The Government of the Republic of Zambia is strongly committed to the implementation of the transformative 2030 Agenda for Sustainable Development. The country’s first Voluntary National Review (VNR) underscores this commitment. Integrating the SDGs into the National Planning Framework and putting in place strong coordination and reporting mechanisms, further demonstrate the country’s resolve to anchoring its development trajectory on the 2030 Agenda.
This VNR is an outcome of participatory and inclusive consultations based on a whole-of-government and whole-of-society approaches.
- Integration of the SDG into the National Development Planning Framework: Zambia’s current National Development Plan (7NDP) has embraced an integrated multisectoral approach. The country has domesticated the SDGs, the AU Agenda 2063, among others, into its 7NDP. The 7NDP has mainstreamed 86% of SDGs goals and targets. Consequently, implementation and reporting on SDGs are coordinated through the institutional structures at national and sub-national levels using the Cluster approach. This approach has fostered doing more with less and has strengthened synergies and partnerships resulting into multi-sectoral responses to development challenges whose achievements include:
- Reducing Poverty and Vulnerability: The Government has been providing half of households in extreme poverty by expanding Social Cash Transfers (SCTs) programme from 38 districts in 2014 to all the 116 districts in 2019. Households not covered under the SCT programme, are being supported through other social protection programmes which include, support to vulnerable farmers, women, girls and school children. The integrated nature of the response coupled with enhanced coordination has contributed to the reduction in multi-dimensional poverty index from 50% in 2016 to 44% in 2019.
- Creating a Conducive Environment for Sustainable Economic Growth: Zambia being a landlocked country, connectivity within and to its 8 neighbouring countries is essential to facilitate trade and access to markets, promote tourism and improve service delivery. To this end, the Government has significantly invested in infrastructure, including roads, airports, energy, health and education facilities, thus creating a conducive environment for sustainable development.
- Environment and climate change: In line with the Paris Agreement, Zambia has pledged to reduce its emissions by 38,000 Gg CO2 eq by 2030. So far, cumulative emissions reduced by 39% (14,846.9 Gg CO2 eq) between 2015 to 2019. Zambia is promoting sustainable inititatives such as renewable energy which has seen the country diversify its energy mix from 99% reliance on hydro power production in 2011 to 80.6% in 2019. Solar energy currently accounts for about 90MW (3% of the total energy). Climate smart agriculture, water harvesting techniques and green infrastructure, are part of the climate change adaptation interventions being promoted. Zambia, however, is seeking strategic partnerships in accelerating its adaptation agenda.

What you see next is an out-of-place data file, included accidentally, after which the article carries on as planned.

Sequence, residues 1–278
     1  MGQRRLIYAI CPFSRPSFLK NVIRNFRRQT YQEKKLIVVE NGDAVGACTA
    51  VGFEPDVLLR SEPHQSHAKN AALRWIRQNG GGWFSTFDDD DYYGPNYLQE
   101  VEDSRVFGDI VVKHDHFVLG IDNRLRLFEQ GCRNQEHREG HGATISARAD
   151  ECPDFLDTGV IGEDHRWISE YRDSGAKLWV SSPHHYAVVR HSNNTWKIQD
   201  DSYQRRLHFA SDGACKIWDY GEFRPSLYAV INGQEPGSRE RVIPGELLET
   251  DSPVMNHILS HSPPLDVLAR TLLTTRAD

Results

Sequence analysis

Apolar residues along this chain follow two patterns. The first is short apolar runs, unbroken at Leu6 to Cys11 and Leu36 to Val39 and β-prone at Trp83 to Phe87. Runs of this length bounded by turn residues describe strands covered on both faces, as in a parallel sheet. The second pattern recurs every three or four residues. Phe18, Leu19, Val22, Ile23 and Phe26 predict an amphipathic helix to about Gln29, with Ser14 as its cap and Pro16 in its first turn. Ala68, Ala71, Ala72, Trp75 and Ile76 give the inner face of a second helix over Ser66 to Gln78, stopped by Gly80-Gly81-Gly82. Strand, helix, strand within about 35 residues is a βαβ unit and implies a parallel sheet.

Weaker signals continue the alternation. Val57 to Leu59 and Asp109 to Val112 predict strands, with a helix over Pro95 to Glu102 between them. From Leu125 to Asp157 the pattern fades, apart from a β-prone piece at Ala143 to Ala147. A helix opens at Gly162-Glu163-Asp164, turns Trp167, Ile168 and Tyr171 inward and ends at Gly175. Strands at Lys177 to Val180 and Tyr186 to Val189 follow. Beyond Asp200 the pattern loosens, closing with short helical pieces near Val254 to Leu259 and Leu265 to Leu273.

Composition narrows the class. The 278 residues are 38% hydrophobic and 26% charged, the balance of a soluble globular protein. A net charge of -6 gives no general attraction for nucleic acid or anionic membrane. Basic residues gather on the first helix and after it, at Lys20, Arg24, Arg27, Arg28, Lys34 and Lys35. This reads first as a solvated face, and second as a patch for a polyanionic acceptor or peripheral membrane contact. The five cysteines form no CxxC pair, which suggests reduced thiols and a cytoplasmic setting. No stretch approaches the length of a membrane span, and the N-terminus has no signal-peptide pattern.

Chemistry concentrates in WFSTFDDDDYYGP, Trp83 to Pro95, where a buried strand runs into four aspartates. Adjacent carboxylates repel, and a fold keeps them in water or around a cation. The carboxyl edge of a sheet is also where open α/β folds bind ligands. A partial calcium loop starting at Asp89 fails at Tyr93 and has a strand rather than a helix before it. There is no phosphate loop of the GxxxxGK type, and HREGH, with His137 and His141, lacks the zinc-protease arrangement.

- Human Development: human capital is key to responding to development challenges of the 21st century especially gender equality, health, new technology, innovations and skills development. Noticeable achievements include:
- An enabling legislation to eliminate all forms of discrimination against women and girls providing for gender equity and equality in all spheres of life has been enacted;
- Maternal mortality ratio declined from 398 per 100,000 live births in 2014 to 252 in 2018. Child Mortality Rate (CMR) declined from 31deaths per 1,000 live births in 2014 to 19 deaths in 2018. Immunization coverage increased from 68% in 2014 to 75 % in 2018; and
- In 2018, completion rate for primary education stood at 97.3%, while at junior and senior secondary stood at 87.7% and 36%, respectively.
Challenges and areas of support
- Data limitations continue to be a huge constraint on SDG monitoring and evidence-based planning. Notwithstanding, Zambia has enacted the Zambia Statistics Act of 2018, with the view to address data challenges.
- The expansionary fiscal policy driven by the need to invest in infrastructure development has resulted in a significant resource gap which has hampered SDG financing and threatened the country’s debt sustainability.
- Adverse effects of climate change and the recent Covid-19 pandemic pose major threats to achieving the SDG targets in Zambia.
- In line with SDG 17, Zambia seeks strong partnerships to help promote the green growth agenda and deal with constrained fiscal position while addressing the adverse effects of climate change and COVID-19.